Written by Bryan Maier
Wednesday, 02 January 2013 00:00
As we begin a New Year, we have a chance to think about our hopes, dreams and goals for the future. For many this is just a superficial set of “resolutions” that last only for a couple of days. But for others, it is a serious attempt to make changes. For example, the folks at my local YMCA report that memberships usually spike during the first of the year. For many Christians, it is an opportunity to make a renewed effort to read the Bible in its entirety by reading through the whole Bible in one calendar year. I have been doing this off and on for most of my Christian life and I believe it is a great discipline to practice. My average as an adult is to read the Bible through at least once every three or four years. The last time I did it was in 2011 just after my wife had gone home to be with the Lord in 2010. I read her Bible cover to cover and it was a wonderful blessing for me at many levels. I am sensing the need to do it again in 2013. This time I plan to read The New English Version to get a different perspective than my standard Bible. I would like to share with you at least five advantages to such a reading plan.
First, you get to read every verse in the Bible at least once. Sure, there is nothing magical in being able to claim that you have read every word in the book of Numbers, but on the other hand, if we claim to cherish the Bible as God’s Word, it seems that somewhere in our Christian development, we ought to at least read every word some time in our life. In this age of Biblical illiteracy, our knowledge of God’s Word should go beyond just a few pet passages.
Related to this is the second benefit. When you read the whole Bible, you get a sense of God’s big story – the way he chose to record it for history. The Bible does tell one grand story and if we don’t read it, we risk missing what the story is all about. Reading the whole story can also protect us from extracting our own pet passages apart from where God purposely chose to put them in his story. In other words, I believe merely reading the bible cover to cover can help us interpret the details more accurately.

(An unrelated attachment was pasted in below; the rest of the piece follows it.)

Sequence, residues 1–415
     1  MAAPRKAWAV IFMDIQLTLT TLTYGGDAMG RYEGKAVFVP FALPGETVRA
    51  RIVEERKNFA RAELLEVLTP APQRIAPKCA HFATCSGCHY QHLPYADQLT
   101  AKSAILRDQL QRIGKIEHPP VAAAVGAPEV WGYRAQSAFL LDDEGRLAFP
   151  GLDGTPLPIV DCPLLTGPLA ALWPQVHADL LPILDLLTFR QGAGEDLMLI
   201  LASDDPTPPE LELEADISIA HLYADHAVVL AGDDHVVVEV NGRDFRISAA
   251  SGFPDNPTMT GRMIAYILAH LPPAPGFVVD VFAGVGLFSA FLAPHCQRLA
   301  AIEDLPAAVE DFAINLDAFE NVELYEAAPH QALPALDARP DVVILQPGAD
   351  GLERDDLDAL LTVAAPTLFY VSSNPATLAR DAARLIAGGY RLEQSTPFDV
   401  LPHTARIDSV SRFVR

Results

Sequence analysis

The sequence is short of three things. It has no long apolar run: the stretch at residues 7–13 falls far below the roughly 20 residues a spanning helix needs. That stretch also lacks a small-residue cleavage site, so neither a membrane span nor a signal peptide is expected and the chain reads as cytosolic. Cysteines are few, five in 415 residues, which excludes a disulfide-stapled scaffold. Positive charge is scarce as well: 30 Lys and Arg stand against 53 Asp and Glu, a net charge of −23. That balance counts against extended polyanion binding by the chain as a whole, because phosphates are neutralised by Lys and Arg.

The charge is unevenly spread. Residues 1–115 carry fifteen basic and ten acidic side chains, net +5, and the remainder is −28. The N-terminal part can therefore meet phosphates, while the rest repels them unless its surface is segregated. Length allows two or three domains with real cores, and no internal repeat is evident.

The third and fourth benefits are more practical. The third benefit is that regular Bible reading can establish a good habit. If I read the Bible every day for a year, chances are I will get used to reading on a regular basis and then the following year, that space and time is already reserved for Bible reading. In other words I am developing good habits.
The fourth benefit is that it provides structure to my Bible reading. Having a plan of what I am going to read ahead of time takes away the stress of trying to figure out what to read each day. If we are not engaged in a book study (another great way to study the Bible), then we have to decide each day what to read.
The final benefit is related to all the others. In our day, there are all kinds of helps available to keep us on task, plan out our reading, and even remind us to read (for example having scripture sent to our email or cell phone). My favorite tool is the two-volume set For The Love of God by Don Carson which takes the reader through the Old Testament once and the New Testament and Psalms twice during the year.
Whatever tool you use or how you do it, what Bible reading resolutions do you have for 2013?
Bryan Maier, Psy. D., is an Associate Professor of Counseling & Psychology in the Masters of Arts in Counseling Program at Biblical. He maintains a private practice at Diane Langberg & Associates.